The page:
March 22, 2022
During a virtual press conference today, New York State lawmakers and the Regional Transit Service (RTS) called for the inclusion of robust funding for public transit in the final state budget. New York State Assemblymembers Harry Bronson, Sarah Clark, Jennifer Lunsford, and Demond Meeks, and Senator Jeremy Cooney joined RTS CEO Bill Carpenter for the press conference.
During the COVID-19 pandemic, the need for transit as the mobility safety net became a necessity for many people in the community. These neighbors relied on transit to access essential destinations such as employment centers, medical and mental health facilities, grocery stores, and other retail locations. A robust increase in transit funding in the state budget will help expand access to these and other critical destinations.
Governor Kathy Hochul got the session off to a good start by including in her proposed budget a 36 percent increase for the downstate suburban systems and a 13 percent increase for the upstate systems. Thanks to the support and hard work of our local members of the State Senate and Assembly, their respective one-house budgets included a 36 percent increase for upstate systems to match the increase for the downstate systems. With just under two weeks left to finalize the state budget, lawmakers and transit systems are working to ensure the increased funding level included in the one-house budgets is also included in the final budget.
“Today, I stand with my Greater Rochester Area State Delegation partners committed to delivering for upstate public transit in this year’s budget”, said Assemblymember Harry Bronson. “With this increase in funding we are creating more parity between upstate and downstate public transit funding. Upstate public transit is the great equalizer – more families will have reliable transportation because of this funding increase. Investing in upstate public transit is good for the environment, our educational institutions, and our regional economy. Once again the Greater Rochester Area State Delegation is delivering for the people of Monroe County.”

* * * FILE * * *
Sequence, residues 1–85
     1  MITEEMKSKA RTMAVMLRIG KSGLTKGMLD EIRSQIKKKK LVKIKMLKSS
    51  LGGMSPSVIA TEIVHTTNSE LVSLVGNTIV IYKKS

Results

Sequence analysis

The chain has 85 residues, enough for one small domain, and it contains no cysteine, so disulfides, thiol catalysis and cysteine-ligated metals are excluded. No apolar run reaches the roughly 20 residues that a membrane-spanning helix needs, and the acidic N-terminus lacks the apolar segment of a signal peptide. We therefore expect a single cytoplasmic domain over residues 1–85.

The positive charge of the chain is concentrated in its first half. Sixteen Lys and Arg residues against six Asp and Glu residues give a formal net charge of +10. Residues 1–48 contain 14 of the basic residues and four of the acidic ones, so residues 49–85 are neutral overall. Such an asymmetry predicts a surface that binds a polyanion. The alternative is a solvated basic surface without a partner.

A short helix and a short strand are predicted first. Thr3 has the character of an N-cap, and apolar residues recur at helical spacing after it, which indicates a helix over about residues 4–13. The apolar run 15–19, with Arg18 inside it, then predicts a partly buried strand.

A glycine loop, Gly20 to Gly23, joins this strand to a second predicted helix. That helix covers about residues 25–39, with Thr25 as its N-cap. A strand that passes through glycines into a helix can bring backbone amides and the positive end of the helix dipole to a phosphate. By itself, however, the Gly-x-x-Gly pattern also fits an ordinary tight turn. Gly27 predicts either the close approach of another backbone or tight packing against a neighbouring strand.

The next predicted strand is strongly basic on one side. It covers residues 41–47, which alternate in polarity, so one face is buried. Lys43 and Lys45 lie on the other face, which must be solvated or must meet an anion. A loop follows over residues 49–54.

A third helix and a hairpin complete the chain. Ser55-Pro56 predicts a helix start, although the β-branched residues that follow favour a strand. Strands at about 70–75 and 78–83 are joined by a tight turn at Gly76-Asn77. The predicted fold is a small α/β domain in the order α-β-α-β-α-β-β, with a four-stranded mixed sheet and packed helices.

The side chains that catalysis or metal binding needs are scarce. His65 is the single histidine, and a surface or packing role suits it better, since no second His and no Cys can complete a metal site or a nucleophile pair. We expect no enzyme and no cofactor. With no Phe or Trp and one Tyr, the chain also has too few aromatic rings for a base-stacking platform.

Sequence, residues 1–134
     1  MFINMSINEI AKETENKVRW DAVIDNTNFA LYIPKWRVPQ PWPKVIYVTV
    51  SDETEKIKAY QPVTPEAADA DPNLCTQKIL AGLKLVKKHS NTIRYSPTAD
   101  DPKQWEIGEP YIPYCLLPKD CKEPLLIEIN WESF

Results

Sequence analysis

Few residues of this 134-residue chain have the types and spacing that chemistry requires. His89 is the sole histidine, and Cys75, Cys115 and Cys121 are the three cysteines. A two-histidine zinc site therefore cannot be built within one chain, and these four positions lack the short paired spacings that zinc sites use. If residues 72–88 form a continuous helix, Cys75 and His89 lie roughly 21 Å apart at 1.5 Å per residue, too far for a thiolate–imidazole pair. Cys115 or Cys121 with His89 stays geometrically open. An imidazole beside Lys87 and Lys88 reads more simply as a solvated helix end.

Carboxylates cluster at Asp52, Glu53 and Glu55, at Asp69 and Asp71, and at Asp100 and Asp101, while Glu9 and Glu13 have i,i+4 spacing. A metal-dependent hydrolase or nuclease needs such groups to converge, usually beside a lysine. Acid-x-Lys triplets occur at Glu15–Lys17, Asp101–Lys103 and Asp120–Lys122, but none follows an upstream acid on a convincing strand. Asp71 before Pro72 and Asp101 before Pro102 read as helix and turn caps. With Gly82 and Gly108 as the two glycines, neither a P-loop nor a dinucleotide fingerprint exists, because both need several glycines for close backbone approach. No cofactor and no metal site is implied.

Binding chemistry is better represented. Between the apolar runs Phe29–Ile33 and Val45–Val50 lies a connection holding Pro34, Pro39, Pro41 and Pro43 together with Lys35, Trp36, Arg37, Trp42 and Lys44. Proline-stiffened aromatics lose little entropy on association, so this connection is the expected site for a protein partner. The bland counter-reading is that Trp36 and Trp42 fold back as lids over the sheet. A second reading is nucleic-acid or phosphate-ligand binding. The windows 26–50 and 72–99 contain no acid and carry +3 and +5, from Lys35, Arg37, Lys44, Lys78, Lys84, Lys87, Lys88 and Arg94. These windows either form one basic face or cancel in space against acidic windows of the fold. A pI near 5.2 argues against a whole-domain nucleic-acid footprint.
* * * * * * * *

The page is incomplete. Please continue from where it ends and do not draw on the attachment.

"Public transportation is more than a downstate issue,” said Senator Samra Brouk. “Across our community, individuals and families rely on public transit to get to and from work, school, appointments, and more. This is especially true for Black and Brown communities, many of which have been historically neglected and have minimal resources within walking distance. Investing in transit means we are investing in families, jobs, education, and the overall wellness of our community. There must be parity between the funding that upstate and downstate transportation systems receive, and I’m proud to champion this effort alongside my colleagues in the Rochester delegation.”
“RTS and bus systems like them keep our upstate cities moving,” said Senator Jeremy Cooney, “Thousands of Rochesterians rely on RTS every day to travel to work and school, get to local shops and restaurants, and visit cultural attractions. I am proud to work with my colleagues in the legislature and with Governor Hochul to ensure investments in upstate transit systems are prioritized in the final budget.”